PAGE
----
Does the IRS Make Mistakes Too?Posted March 25th, 2011
Why is this Topic Important to Wealth Managers? This blogticle is part of our casual Friday series. It presents wealth managers with information on the start-up expense deduction as well as general information on tax law.
Here at Advanced Markets FYI, we’ve been working in tax law as applied to wealth management for a number of years, and must say it is rare to see mistakes by the Department of the Treasury. In fact, the general practice of a tax lawyer is to read a particular Code Section and corresponding Treasury Regulations multiple times until it finally makes sense. There are however, some instances where no matter how many times you read a Code Section and/or Treasury Regulation something does not add up.
At this point you have a few options. First, maybe you re-read it because chances are the Department of the Treasury and IRS did not made a mistake. As a general matter, it is unusual to find authoritative text that contains an error. So maybe by this point you’ve now corrected your misunderstanding with another proper reading taken with the underlying premise that the Treasury does usually not foul up. If you are still not sure that what you’re reading makes sense, it may be helpful to find more information about the subject. For example finding articles, journals or papers written on the subject will generally add clarity to a particular issue. However, the specific facts and circumstances upon which you are trying to apply the Code or Regulations are commonly unique. Furthermore, not every tax subject or Code Section is written about extensively elsewhere.
Now assuming you’ve spent significant time and diligence reading the primary source and looking for secondary sources to gain a better understanding, it’s then time to break out the big guns. The way we see it is, you have two options at this point. You can find a tax expert to examine the subject in detail with your particular question in mind. It is usually helpful to ask questions and work your way through a problem with another expert who sees the world slightly different than yourself (slightly is used as a relative term in this context). However, if you still don’t have the answer you’re looking for, you can always Blog about it!
Thus, we believe we have come across an error in the Code and Regulations (frankly we think they should give an award when this happens, but we attribute non-recognition to lack of funding anyway). We therefore put it up to you to prove us wrong…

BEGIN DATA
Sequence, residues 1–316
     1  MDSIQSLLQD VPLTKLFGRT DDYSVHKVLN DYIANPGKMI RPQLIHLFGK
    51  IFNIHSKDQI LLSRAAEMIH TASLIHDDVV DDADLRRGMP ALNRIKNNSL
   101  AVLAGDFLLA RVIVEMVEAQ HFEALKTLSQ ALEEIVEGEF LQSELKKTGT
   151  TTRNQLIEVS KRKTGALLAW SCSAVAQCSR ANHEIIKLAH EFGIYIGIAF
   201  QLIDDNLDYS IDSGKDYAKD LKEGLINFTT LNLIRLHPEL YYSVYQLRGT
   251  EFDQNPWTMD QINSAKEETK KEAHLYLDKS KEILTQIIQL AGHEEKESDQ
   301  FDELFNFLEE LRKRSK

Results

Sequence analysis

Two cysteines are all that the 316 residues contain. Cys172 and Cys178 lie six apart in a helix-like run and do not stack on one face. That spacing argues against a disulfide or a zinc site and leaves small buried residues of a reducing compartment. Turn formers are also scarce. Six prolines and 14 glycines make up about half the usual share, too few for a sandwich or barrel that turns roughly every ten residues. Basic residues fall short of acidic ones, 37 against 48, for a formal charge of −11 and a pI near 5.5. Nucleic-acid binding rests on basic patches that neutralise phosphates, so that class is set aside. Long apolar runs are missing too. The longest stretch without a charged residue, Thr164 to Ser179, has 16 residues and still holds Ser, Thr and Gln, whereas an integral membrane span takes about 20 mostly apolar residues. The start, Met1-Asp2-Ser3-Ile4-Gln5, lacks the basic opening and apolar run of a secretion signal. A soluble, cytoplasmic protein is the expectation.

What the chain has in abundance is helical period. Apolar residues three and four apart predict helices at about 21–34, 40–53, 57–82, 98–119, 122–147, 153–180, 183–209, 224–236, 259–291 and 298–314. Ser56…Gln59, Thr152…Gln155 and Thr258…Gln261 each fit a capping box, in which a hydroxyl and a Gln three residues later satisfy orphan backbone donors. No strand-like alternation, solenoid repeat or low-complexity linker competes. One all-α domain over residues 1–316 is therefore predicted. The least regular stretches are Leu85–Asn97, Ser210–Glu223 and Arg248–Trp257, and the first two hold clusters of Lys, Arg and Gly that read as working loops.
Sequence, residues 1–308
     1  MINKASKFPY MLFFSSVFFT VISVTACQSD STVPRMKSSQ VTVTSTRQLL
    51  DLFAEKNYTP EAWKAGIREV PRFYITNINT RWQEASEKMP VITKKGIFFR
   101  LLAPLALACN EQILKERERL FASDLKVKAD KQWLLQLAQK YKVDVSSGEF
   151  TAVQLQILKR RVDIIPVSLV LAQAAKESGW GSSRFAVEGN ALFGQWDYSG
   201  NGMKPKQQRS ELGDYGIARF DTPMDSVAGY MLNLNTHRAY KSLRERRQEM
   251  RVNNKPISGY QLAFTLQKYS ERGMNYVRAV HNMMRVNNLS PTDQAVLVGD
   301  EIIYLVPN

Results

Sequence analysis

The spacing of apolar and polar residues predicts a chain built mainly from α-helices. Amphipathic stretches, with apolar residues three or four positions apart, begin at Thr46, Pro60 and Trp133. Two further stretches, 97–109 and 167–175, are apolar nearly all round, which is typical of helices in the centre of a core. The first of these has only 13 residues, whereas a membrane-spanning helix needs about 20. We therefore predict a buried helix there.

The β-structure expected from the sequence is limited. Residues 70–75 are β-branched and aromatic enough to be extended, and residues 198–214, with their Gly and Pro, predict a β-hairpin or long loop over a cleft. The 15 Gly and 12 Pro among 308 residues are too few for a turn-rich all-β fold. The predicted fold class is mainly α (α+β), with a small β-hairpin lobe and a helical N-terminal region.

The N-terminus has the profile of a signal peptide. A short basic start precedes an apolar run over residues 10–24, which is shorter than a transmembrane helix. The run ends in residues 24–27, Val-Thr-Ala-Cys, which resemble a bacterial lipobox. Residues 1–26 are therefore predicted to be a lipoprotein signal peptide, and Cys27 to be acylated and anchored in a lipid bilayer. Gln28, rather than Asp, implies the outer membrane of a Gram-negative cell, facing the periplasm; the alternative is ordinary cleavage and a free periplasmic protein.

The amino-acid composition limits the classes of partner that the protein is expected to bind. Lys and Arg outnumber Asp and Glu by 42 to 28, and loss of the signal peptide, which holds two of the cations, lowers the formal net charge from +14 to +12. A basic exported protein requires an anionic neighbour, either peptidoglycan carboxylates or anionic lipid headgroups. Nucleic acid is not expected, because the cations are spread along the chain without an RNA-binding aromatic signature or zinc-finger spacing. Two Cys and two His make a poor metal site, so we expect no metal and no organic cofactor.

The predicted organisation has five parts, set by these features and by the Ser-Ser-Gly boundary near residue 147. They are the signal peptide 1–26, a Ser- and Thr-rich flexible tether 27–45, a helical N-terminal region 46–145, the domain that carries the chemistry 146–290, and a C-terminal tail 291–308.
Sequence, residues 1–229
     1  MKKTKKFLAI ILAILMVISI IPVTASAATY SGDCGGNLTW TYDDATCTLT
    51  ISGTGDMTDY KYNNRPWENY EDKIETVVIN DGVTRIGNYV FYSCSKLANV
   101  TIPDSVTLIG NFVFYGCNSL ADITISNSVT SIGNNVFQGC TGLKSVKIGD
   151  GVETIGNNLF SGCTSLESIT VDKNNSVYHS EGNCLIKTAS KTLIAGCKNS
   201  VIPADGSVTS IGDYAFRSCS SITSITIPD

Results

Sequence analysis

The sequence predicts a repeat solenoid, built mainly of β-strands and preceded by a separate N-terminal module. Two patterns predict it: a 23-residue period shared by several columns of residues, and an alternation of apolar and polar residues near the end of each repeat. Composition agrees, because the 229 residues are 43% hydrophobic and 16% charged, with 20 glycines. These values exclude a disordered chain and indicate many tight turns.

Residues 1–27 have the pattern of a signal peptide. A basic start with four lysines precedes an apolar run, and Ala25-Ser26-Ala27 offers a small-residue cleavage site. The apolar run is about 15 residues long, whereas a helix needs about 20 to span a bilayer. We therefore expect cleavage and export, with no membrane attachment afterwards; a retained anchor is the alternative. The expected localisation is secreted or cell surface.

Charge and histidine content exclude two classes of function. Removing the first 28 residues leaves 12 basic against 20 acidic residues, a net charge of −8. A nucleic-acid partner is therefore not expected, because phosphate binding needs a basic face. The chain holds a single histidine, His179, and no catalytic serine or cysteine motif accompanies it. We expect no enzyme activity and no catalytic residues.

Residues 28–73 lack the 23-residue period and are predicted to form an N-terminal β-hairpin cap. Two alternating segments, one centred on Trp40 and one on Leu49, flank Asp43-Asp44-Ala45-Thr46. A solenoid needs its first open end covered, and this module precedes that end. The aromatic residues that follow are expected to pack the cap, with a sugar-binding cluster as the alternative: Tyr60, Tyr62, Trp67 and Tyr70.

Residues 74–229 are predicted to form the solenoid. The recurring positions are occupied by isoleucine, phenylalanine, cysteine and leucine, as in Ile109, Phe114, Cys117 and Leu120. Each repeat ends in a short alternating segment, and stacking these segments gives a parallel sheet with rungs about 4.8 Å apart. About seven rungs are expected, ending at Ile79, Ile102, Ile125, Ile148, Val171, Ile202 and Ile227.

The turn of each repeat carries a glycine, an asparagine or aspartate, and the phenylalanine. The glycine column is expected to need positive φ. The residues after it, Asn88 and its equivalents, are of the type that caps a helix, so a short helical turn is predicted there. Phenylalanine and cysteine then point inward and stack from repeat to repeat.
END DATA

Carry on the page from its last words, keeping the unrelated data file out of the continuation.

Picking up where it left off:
The Small Business Jobs Act of 2010 Section 2031 amends Section 195 Subsection b of Title 26 of the United States Code. The amendment to the Code allows for a $10,000 deduction for start-up expenses with a reduction in the deduction for expenses over $60,000 after Dec. 31, 2009.
Further, the IRS website states (although not authoritative):
Sect. 2031: Increase in amount allowed as deduction for start-up expenditures in 2010
For taxpayers starting an active trade or business, the new law increases the amount the taxpayer is allowed to elect as a deduction for start-up expenditures under section 195(b) for taxable years beginning after December 31, 2009. Section 2031 allows up to $10,000 as a deduction for start-up expenditures, but requires a dollar-for-dollar reduction of the $10,000 deduction if startup expenditures exceed $60,000. 
However, the Regulations nevertheless say something else… They appear to have not been amended along with the Code Section; thus the deduction allowed under the Treasury Regulations is only $5,000 (as was the limit before enactment of Section 2031 of the Small Business Jobs Act). Take a look for yourself. What is really interesting (at least to some tax professionals) is that Treasury Regulation Section 1.195 has been reversed and in its place one may be directed to Section 1.195-T or Temporary. Since the Temporary Regulation Section expires during 2011, perhaps it was not amended on purpose? All the same, the guidance is not in accordance with the Code. However, it is not likely that any court would determine the mismatch of information as anything other than an administrative oversight and most courts would likely follow the amended Code section’s limits as passed by Congress.
Next week’s blogticles will present new wealth management ideas for the Second Quarter 2011.
We invite your questions and comments by posting them below, or by calling the Panel of Experts.
 See The Small Business Jobs Act of 2010. PL 111–240, Sept. 27, 2010. Section 2031(a); 26 U.S.C. 195(b).
 See Internal Revenue Service. “Small Business Jobs Act of 2010 Tax Provisions”. http://www.irs.gov/businesses/small/article/0,,id=230307,00.html. Page Last Reviewed or Updated: February 16, 2011. Last Accessed 3/22/2011.